Those of us who know the sting of a sibling’s slap to the head or cold gaze after making mom mad also know that battles and rivalries between blood are standard. Obviously this holds true for pretty much every other animilia on Earth as well. And, apparently, even for galaxies flying through the vacuum of space as the Hubble Telescope shows us in a new image of a triplet of galaxies “fighting.”
Mashable picked up on the above NASA image of the galactic “tug-of-war” that Hubble captured. Engineers from the space agency recently brought the iconic space telescope—still in orbit after three-plus decades!—back online. Although it’s unclear when exactly the space ‘scope snapped this particular image.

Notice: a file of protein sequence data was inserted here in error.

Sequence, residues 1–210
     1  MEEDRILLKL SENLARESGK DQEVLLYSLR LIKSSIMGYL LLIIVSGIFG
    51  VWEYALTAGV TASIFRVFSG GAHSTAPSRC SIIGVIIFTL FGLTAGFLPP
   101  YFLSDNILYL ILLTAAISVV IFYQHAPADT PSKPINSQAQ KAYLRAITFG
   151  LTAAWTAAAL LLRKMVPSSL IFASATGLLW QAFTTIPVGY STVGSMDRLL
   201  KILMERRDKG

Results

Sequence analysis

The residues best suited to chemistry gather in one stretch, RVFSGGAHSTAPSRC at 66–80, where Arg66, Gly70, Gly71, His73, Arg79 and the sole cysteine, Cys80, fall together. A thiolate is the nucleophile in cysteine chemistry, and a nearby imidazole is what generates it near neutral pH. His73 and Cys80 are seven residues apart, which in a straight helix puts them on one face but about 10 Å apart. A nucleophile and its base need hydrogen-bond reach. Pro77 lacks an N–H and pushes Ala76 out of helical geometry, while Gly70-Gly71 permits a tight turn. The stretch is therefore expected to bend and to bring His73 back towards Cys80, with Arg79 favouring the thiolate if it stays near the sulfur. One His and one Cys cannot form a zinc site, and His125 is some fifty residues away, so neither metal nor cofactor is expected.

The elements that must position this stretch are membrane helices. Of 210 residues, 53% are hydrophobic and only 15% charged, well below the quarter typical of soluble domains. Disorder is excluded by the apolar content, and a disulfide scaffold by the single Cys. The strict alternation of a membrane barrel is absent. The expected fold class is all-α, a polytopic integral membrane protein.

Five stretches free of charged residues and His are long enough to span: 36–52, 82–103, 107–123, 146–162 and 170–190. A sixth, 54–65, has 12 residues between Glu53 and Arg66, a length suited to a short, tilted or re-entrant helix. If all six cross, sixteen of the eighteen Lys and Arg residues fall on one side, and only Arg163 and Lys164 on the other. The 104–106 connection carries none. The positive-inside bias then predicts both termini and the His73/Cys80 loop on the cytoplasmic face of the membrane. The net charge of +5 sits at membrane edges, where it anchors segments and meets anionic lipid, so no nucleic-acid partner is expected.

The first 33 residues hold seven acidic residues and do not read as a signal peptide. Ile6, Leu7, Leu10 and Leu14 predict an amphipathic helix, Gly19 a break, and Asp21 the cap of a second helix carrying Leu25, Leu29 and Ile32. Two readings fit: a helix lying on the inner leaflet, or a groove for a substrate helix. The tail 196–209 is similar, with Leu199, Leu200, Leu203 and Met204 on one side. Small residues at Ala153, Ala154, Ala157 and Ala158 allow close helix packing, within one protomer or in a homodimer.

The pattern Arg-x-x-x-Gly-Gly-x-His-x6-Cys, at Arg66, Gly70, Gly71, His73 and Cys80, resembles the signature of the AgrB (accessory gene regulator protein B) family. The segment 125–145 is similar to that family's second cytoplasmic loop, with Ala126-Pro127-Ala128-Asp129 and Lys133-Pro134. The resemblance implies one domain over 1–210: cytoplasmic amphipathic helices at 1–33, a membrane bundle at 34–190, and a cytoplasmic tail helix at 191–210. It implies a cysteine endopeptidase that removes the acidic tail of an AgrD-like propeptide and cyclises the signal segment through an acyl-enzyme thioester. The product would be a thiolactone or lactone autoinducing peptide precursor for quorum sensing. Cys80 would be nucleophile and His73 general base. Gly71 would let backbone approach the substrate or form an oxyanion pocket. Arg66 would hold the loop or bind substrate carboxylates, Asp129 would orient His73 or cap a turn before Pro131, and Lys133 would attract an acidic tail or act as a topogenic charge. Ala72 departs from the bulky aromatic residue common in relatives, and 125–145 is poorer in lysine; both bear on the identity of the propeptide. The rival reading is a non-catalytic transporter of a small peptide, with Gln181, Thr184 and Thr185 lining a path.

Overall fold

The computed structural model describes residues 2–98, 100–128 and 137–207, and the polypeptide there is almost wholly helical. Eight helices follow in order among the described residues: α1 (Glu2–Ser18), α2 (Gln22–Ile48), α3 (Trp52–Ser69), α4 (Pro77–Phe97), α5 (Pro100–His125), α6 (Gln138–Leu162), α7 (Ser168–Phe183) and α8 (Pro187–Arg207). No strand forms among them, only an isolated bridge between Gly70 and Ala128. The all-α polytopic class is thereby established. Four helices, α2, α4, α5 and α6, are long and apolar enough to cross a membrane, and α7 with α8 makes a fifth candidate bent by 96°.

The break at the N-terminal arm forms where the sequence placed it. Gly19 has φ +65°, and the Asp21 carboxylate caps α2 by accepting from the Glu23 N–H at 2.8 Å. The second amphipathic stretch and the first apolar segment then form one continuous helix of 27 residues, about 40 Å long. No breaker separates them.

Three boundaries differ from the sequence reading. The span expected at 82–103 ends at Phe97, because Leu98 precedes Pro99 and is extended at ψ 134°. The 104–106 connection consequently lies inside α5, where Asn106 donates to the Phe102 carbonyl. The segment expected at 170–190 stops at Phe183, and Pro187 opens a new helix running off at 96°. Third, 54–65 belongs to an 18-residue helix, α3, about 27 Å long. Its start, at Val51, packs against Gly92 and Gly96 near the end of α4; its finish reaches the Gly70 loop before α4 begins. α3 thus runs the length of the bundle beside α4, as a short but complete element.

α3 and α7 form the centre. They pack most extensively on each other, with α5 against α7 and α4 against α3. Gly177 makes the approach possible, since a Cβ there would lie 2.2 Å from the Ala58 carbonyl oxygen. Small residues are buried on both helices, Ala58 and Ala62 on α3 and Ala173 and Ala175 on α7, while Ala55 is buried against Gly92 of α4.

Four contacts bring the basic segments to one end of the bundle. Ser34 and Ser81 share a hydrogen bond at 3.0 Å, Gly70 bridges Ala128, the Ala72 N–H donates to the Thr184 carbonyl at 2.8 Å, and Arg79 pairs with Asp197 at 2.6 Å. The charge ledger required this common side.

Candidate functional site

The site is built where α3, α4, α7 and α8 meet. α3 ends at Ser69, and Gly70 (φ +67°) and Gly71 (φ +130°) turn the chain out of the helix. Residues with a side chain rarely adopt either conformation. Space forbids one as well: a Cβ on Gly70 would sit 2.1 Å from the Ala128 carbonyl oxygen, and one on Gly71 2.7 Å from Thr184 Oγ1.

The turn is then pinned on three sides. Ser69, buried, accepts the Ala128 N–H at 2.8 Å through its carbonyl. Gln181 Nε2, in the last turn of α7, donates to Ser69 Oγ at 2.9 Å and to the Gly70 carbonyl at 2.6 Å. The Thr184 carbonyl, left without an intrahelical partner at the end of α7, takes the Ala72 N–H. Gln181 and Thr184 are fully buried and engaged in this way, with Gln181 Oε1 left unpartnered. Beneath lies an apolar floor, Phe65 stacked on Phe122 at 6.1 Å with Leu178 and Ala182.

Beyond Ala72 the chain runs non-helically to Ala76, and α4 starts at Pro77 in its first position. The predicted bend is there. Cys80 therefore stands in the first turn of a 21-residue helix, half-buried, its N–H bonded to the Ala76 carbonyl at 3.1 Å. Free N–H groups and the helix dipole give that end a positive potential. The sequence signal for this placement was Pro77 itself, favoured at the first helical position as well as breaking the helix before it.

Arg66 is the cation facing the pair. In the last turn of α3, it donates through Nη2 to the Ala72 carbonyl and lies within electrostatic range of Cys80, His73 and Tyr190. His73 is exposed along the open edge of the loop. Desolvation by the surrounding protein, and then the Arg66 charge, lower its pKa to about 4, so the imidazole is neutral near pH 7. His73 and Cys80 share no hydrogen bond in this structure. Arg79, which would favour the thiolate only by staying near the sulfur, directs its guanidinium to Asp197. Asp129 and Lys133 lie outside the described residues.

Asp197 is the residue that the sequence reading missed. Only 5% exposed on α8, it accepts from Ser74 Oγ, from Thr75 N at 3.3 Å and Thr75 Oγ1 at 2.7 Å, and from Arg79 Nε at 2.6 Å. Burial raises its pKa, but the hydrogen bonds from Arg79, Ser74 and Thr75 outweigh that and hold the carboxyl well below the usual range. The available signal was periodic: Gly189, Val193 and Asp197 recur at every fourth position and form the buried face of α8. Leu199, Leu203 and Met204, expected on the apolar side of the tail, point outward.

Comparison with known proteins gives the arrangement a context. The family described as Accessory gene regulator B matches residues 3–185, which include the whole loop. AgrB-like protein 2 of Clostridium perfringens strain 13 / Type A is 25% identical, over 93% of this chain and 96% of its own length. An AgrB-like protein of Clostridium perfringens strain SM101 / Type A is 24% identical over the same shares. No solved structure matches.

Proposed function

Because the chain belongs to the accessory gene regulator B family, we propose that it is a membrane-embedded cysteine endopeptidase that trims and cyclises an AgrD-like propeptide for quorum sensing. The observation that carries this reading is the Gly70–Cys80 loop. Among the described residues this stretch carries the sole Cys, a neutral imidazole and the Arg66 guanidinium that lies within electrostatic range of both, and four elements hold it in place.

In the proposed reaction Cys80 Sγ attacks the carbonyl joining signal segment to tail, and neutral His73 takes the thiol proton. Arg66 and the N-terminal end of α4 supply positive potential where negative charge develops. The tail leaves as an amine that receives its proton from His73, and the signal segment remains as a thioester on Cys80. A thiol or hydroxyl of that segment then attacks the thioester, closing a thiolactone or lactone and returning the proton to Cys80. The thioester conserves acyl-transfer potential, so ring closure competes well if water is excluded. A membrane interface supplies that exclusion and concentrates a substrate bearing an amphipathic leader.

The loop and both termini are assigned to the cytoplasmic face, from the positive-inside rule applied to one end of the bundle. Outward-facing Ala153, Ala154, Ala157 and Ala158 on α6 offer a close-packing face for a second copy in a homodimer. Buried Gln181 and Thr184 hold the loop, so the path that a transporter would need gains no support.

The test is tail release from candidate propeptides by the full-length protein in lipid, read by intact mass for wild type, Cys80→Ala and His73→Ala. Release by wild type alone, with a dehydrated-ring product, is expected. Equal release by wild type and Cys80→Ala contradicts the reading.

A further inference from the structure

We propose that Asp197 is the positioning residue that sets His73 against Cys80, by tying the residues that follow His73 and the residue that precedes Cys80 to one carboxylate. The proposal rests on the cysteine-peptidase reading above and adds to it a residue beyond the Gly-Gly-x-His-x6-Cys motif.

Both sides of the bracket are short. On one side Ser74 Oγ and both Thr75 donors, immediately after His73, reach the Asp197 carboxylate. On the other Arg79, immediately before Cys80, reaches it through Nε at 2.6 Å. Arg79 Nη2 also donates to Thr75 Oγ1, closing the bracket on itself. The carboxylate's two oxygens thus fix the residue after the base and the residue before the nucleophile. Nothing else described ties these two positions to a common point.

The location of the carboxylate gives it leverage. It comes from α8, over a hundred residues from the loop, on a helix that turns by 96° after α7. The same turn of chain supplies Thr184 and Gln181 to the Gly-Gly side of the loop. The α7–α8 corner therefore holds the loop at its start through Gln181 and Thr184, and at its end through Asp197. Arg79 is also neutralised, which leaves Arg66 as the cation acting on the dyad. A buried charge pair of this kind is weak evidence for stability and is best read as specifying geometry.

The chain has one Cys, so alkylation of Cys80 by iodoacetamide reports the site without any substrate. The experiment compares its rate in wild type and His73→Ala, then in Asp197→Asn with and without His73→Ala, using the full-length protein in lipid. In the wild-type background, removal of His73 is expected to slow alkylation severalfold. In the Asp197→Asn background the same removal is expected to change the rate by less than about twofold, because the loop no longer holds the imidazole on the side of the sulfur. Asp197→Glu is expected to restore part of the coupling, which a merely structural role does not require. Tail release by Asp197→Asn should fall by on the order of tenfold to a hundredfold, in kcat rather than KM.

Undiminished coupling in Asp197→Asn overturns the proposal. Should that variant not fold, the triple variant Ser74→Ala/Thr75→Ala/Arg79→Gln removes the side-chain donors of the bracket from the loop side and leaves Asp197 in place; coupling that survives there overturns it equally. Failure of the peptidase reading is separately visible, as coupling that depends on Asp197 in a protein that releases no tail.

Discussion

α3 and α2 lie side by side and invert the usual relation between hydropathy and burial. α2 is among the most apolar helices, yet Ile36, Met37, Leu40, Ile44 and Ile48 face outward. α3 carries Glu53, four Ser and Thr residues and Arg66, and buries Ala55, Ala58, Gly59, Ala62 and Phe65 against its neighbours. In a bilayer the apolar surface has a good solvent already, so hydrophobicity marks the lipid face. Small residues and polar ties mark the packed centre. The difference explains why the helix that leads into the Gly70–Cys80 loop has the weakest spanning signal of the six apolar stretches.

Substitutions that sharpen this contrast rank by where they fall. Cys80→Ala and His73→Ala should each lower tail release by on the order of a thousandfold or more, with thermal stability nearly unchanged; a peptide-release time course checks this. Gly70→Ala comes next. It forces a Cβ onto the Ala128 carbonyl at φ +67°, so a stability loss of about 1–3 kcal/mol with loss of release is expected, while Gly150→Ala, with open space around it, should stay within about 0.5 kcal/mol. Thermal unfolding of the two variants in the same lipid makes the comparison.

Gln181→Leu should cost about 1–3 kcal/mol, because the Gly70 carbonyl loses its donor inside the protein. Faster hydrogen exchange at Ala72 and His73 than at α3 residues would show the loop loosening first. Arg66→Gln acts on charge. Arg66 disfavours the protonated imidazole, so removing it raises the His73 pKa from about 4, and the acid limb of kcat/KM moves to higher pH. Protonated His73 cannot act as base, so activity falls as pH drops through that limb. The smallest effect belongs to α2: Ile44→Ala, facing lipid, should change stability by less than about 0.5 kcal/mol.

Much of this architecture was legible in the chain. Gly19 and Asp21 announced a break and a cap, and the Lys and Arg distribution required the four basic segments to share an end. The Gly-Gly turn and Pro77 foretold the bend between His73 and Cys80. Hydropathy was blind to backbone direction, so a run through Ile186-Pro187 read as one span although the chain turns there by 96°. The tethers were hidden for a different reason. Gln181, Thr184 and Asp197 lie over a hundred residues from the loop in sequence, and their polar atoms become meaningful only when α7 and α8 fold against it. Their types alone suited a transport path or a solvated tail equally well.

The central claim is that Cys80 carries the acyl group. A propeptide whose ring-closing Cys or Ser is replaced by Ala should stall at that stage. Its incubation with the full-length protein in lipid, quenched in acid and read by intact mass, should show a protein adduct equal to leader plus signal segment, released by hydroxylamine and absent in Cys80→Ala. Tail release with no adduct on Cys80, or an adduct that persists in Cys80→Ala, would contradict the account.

In the image, Hubble reveals a trio of galaxies in the constellation Lynx. The trio together are cataloged as Arp 195, and they’re approximately 763 million light-years away from Earth. Or roughly the same distance you’d like to have between you and your litter companion after they take the car out on a Saturday night without saying word one about it at dinner.
As NASA notes in a blog post on the photo, this galactic sibling battle stems from what else but gravity. The same fundamental force of nature that seems to loooove making black holes. Big giant ones that make us feel like specks of dust floating through an endless cosmic ocean.
For those wondering how “original” the top image is exactly, the answer is: kind of original. As Business Insider explains in an unrelated article, Hubble captures images in multiple wavelengths of light, including visible ones. But the images it produces are still in black and white (example immediately above). To get the kinds of rich colors in the image at top, experts apply color filters for different chemicals in the image. E.g. red for sulfur or blue for hydrogen. Or green for…envy.
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